There is no guidance at this time from the Centers of Disease Control (CDC) or the Department of Public Health on how psoriasis patients should respond to the Coronavirus (Covid-19) epidemic, nor are there good studies in the literature for physicians to use as a basis for recommendations. As a result, we at UDSCC have no advice that we can give that is based on proven data. The following has been shared by Dr. Jeffery Sobell, a well renowned psoriasis expert. Both Dr. Patrick Retterbush and Dr Lauren Whalen agree with the following:
For psoriasis patients on biologics (Enbrel, Humira, Remicade, Cimzia, Stelara, Cosentyx, Taltz, Siliq, Tremfya, Ilumya, Skyrizi)
For patients who have been healthy on their biologic up to now with no obvious increase in infection rate, continuing therapy LIKELY WILL NOT increase their risk of contracting the virus. Furthermore, if an infection should occur, it is NOT LIKELY that their ability to fight the infection will be affected. But, of course, as with any significant infection, patients should hold future doses until they fully recover.
With that being said, if psoriasis patients are still concerned and would rather hold their biologic medication for now, that is certainly a reasonable option. But keep in mind the following two issues:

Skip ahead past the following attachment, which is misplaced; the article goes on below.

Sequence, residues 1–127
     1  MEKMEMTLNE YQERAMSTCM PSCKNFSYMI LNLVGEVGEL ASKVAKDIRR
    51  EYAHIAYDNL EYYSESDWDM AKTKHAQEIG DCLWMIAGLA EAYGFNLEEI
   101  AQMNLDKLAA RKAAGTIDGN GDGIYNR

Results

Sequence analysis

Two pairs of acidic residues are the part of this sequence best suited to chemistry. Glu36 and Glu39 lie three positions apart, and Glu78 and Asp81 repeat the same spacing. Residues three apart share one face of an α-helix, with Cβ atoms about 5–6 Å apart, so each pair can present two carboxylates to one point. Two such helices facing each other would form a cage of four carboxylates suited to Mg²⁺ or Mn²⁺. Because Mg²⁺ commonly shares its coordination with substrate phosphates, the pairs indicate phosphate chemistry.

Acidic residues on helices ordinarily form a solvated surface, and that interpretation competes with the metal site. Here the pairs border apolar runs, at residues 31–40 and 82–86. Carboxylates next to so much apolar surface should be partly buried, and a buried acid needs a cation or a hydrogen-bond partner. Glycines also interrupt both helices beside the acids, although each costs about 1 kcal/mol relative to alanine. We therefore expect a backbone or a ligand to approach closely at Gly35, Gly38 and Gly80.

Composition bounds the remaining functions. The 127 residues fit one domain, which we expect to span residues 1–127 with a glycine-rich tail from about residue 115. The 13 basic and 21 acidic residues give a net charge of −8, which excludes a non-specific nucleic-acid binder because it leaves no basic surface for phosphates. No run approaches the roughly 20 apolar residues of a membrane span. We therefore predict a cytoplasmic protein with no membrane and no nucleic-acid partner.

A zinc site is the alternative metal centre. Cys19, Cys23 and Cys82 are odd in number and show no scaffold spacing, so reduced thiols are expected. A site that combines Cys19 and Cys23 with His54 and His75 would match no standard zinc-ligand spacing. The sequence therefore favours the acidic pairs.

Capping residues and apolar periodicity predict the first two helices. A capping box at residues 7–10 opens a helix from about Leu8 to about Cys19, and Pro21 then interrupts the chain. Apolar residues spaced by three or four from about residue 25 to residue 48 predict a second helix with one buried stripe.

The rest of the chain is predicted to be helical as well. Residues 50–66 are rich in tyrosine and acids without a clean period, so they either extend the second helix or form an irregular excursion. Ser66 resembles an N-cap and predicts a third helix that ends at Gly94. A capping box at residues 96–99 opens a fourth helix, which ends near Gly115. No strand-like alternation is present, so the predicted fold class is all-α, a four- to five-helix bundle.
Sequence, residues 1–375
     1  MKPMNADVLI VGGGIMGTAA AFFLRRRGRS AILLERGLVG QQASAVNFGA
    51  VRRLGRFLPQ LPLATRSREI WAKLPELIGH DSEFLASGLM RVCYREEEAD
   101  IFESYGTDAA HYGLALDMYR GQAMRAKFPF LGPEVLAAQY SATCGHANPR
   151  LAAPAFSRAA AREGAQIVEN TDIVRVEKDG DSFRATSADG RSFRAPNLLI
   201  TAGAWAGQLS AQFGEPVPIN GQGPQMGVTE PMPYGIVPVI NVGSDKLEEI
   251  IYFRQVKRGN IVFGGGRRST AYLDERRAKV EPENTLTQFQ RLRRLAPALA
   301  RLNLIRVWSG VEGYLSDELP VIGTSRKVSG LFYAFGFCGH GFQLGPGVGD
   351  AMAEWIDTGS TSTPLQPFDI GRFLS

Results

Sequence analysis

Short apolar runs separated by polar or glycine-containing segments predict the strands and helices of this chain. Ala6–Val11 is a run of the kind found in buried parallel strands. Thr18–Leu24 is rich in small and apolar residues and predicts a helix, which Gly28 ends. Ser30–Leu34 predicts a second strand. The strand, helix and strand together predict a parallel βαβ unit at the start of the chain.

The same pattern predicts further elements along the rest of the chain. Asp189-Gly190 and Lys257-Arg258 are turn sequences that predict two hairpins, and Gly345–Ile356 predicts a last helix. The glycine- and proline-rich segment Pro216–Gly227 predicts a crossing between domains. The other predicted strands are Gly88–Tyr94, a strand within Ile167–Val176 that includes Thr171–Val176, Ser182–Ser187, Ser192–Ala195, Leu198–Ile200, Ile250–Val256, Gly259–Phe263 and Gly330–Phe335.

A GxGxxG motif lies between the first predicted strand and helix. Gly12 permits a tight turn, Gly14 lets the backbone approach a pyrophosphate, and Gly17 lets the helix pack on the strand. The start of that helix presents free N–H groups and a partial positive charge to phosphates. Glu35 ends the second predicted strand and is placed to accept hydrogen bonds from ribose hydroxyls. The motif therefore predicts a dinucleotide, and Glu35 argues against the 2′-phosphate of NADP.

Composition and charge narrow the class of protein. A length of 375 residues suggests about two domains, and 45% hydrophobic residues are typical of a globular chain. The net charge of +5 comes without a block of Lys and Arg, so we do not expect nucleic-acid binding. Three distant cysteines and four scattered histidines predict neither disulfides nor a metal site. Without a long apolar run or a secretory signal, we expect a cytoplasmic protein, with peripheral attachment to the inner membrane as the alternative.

- The psoriasis will recur. Depending on the specific biologic, half the psoriasis returns on average in 3 to 6 months.
- Restarting the biologic after a long break may or may not work as well as their previous experience to control their psoriasis.
For psoriasis patients on oral prescriptions
1) For patients on Cyclosporine and Methotrexate, Dr. Sobell advises to reduce the dose to the lowest possible that still adequately controls their symptoms. For patients on Otezla, as it is not associated with a high risk of infection, it is reasonable to continue at the current dose. But, should a significant infection occur while under any of these three treatments, Dr. Sobell would hold future doses of all three of these medications until the infection has completely resolved.
2) For patients on Acitretin, this medication does not impair the immune system so it is acceptable to continue.
For all patients
Our best defense against infection is proper hand hygiene and avoidance of close contact with people showing signs of respiratory illness.
If you have specific concerns about your psoriasis therapy and Covid-19, please contact our office.